With Britain blanketed by snow and weather warnings from the Met Office it's a clear sign that winter is truly upon us.
While it may be the festive season, for many people it's the time to be jolly freezing as plummeting temperatures and icy conditions give Brits the shivers.
Now the National Grid has said it's activating its plan of 'last resort' to ensure the UK's energy supply isn't affected, and that means they're firing up a pair of coal power plants.
The National Grid had earlier this year prepared for the possibility of several days of blackouts during the winter when energy consumption would be high.
Some energy suppliers are even paying customers not to use energy at times of peak demand.
National Grid has now asked two coal power plants to fire up to maintain energy supplies to British households.
The government had requested that the two coal power plants be placed on standby in case they were needed to cover energy demand this winter.
Back in August, the National Grid had confirmed that they'd drawn up winter contingency plans to extend the life of a number of coal power plants.
They had said the coal power plants 'will only be used as a last resort' to provide up to 1940MW of extra power over the winter, with two units at West Burton A and another two at Drax made available between October 2022 and March 2023.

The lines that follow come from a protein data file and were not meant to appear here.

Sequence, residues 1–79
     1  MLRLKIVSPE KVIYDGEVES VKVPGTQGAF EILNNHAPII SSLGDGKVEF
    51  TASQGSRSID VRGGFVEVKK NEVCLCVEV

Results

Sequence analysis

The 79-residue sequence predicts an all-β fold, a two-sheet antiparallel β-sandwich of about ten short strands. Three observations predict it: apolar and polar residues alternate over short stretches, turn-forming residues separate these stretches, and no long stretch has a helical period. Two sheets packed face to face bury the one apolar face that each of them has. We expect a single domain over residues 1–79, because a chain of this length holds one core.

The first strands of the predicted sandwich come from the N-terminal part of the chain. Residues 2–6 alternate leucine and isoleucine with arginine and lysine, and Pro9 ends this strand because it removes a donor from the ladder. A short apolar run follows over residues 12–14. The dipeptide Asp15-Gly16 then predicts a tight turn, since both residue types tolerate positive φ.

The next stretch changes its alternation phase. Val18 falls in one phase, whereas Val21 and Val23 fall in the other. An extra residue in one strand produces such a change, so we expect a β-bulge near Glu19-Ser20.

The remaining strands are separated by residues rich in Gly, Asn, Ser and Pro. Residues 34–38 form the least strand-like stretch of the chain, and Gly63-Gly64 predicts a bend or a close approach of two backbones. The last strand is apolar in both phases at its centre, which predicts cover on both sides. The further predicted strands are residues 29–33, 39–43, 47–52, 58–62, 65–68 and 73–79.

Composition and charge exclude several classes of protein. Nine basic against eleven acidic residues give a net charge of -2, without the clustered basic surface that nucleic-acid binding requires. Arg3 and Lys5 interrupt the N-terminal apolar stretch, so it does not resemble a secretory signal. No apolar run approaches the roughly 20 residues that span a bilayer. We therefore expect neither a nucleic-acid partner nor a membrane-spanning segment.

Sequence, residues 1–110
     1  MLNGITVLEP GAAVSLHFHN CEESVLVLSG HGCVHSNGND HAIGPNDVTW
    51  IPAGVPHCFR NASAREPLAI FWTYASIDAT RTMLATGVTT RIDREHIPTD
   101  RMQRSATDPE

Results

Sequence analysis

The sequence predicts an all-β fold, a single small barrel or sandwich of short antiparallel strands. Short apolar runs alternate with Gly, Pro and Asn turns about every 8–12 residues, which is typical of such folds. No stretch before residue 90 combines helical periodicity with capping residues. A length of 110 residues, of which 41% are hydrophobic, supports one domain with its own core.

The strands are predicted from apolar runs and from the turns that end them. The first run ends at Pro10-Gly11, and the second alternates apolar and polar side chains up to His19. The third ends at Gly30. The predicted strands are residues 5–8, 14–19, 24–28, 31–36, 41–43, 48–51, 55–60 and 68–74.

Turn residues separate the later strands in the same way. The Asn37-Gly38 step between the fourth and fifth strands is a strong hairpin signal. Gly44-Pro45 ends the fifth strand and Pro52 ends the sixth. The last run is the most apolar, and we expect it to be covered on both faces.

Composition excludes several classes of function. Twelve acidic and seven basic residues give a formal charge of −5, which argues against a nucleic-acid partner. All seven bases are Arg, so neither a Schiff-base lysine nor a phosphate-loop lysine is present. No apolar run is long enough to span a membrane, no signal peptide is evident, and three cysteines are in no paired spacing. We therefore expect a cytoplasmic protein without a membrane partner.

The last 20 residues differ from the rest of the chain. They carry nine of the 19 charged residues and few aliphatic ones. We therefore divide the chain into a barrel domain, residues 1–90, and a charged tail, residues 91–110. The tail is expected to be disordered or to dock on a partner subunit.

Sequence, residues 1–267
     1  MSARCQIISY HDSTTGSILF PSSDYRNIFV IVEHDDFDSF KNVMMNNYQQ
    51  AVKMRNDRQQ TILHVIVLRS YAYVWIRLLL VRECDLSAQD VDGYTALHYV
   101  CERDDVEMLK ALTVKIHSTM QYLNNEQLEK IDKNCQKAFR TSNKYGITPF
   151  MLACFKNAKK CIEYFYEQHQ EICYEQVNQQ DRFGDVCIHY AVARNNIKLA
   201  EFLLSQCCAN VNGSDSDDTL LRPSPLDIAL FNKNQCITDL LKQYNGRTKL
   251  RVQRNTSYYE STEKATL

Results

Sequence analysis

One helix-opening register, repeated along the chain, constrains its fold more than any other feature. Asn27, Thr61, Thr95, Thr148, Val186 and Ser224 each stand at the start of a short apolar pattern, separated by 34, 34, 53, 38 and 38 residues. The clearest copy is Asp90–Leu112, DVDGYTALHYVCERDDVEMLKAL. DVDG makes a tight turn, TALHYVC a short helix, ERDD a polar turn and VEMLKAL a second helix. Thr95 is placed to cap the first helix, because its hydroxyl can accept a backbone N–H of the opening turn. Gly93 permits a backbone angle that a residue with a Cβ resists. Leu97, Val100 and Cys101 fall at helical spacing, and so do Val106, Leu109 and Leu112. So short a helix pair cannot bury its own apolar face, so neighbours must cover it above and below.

Announcing the decision on social media, the National Grid said they'd made the decision to fire up the coal power plants in order to 'give the public confidence in Monday's energy supply'.
They went on to say that this news was 'not confirmation that these units will be used' but said they would be 'available if required'.
The National Grid urged the public to 'continue to use energy as normal' amidst the announcement, stressing that people shouldn't cut back on energy usage after hearing the news.
The coal power plants being activated is meant to 'ensure resilience and security of supply', effectively making sure that there aren't major power cuts or blackouts during the time when people need the most secure access to energy.
National Grid chief John Pettigrew said in October that it was 'unlikely' Brits would suffer through rolling blackouts in the winter, but warned that if the UK couldn't ensure enough fuel supplies from mainland Europe there could be problems during the most difficult days.Featured Image Credit: Shutterstock